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are fed in such a way as to produce as large a liver as possible, or hens live so packed together that they become just caricatures of birds, this degrading of living creatures to a commodity seems to me in fact to contradict the relationship of mutuality that comes across in the Bible.20

St. John Paul II, invoking St. Francis on the 800th anniversary of his death, said, “It is necessary and urgent that with the example of the little poor man from Assisi, one decides to abandon unadvisable forms of domination, the locking up of all creatures.”21 He would go on to publish a new Catechism of the Catholic Church which had very interesting things to say about animals. It leads off in paragraph #703 by citing the aforementioned chapter of Ecclesiastes in claiming both humans and animals have the breath of life. But the most detailed teaching is in paragraphs 2416–2418: Animals are God’s creatures. He surrounds them with his providential care. By their mere existence they bless him and give him glory. Thus men owe them kindness. We should recall the gentleness with which saints like St. Francis of Assisi or St. Philip Neri treated animals. God entrusted animals to the stewardship of those whom he created in his own image. Hence it is legitimate to use animals for food and clothing. They may be domesticated to help man in his work and leisure. It is contrary to human dignity to cause animals to suffer or die needlessly.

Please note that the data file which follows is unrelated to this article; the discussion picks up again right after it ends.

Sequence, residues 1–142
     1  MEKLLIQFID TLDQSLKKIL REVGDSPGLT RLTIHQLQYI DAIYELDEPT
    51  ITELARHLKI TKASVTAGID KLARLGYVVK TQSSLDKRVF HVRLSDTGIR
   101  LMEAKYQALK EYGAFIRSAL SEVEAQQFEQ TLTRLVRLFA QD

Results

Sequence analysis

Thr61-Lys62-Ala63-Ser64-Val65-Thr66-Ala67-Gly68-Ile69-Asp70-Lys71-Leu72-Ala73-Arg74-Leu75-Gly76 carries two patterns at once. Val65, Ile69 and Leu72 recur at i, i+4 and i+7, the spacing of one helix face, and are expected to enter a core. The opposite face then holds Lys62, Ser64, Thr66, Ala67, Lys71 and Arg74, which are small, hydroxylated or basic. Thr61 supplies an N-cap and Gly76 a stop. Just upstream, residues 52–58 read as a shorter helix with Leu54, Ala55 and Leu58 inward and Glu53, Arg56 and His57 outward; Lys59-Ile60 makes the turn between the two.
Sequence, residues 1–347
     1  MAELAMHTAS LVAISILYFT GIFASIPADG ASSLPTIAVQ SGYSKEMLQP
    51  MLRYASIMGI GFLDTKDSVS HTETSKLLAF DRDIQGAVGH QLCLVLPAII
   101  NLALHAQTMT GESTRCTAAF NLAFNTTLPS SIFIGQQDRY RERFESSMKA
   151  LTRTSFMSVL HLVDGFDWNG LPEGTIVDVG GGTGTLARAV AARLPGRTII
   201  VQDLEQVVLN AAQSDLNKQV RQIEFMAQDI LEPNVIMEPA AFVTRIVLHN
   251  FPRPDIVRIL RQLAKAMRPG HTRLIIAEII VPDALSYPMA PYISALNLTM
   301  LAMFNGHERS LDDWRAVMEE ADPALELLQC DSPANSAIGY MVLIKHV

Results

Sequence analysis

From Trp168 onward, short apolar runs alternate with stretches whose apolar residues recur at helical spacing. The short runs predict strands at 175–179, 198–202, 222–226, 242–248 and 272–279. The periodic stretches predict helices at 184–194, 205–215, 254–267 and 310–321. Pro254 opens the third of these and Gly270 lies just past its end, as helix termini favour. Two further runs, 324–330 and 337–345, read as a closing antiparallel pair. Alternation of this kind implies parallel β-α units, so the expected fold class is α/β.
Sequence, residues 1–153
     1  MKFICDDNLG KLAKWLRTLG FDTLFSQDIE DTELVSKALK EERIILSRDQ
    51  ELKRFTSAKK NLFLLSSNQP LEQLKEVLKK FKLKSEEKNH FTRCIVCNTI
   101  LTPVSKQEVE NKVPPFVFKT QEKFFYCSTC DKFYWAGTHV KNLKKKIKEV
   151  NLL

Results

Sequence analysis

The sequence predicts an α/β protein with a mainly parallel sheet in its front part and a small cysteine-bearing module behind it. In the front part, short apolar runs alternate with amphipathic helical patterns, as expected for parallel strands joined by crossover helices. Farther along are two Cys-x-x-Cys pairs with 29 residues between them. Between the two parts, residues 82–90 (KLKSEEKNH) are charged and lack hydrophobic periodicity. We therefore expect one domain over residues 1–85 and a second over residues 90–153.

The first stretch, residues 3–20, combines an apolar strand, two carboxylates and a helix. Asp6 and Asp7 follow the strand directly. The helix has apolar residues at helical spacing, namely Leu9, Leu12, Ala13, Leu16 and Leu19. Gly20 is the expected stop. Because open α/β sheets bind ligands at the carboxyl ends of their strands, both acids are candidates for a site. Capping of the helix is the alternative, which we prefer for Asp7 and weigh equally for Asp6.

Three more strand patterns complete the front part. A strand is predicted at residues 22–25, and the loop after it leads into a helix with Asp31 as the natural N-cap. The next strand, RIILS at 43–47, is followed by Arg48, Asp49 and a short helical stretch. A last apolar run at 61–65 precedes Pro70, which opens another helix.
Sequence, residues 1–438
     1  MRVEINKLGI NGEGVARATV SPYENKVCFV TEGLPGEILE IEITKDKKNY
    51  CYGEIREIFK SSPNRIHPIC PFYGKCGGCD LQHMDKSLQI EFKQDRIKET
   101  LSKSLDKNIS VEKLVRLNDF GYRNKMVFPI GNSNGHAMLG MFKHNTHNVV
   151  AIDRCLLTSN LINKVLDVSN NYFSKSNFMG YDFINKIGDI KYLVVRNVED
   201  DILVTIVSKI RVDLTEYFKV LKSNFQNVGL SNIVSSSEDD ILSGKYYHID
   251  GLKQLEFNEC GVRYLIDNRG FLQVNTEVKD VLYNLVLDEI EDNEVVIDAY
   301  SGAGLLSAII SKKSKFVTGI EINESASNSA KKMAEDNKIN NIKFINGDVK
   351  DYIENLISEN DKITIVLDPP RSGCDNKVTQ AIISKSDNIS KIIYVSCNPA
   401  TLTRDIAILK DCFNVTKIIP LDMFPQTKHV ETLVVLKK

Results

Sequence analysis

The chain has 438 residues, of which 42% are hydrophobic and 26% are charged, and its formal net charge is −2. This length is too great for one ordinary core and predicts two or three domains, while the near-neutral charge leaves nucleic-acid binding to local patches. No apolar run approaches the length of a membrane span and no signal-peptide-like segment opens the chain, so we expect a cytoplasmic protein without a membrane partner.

This passage leaves no doubt but that the tension has returned to a Catholic understanding of animals. The Biblical view that God cares about nonhuman animals is stressed, but then, quite interestingly, we see that it is precisely because of God’s providential care that we human beings owe nonhuman animals kindness. Very strong language is used. Indeed, it is the language of justice: we owe animals kindness. Then comes the tension: the Catechism rightly points out that God has entrusted human beings with the care and stewardship of nonhuman animals, but this apparently goes beyond caring for the well-being and flourishing of such animals. We are told that they may be used for food and clothing and may be domesticated for help with work or leisure. This has much more in common with “it’s all about us.” But the very next line prohibits causing nonhuman animals to “suffer or die needlessly.” The use of animals is limited not only by our obligation to show them kindness, but we are told not to cause them to suffer or die unless doing so rises to the level of need. Unfortunately, the Catechism gives us no suggestions for what might be an example of the kind of need which could justify causing an animal to suffer or die. So, what can we say about the three central issues that are the focus of this article?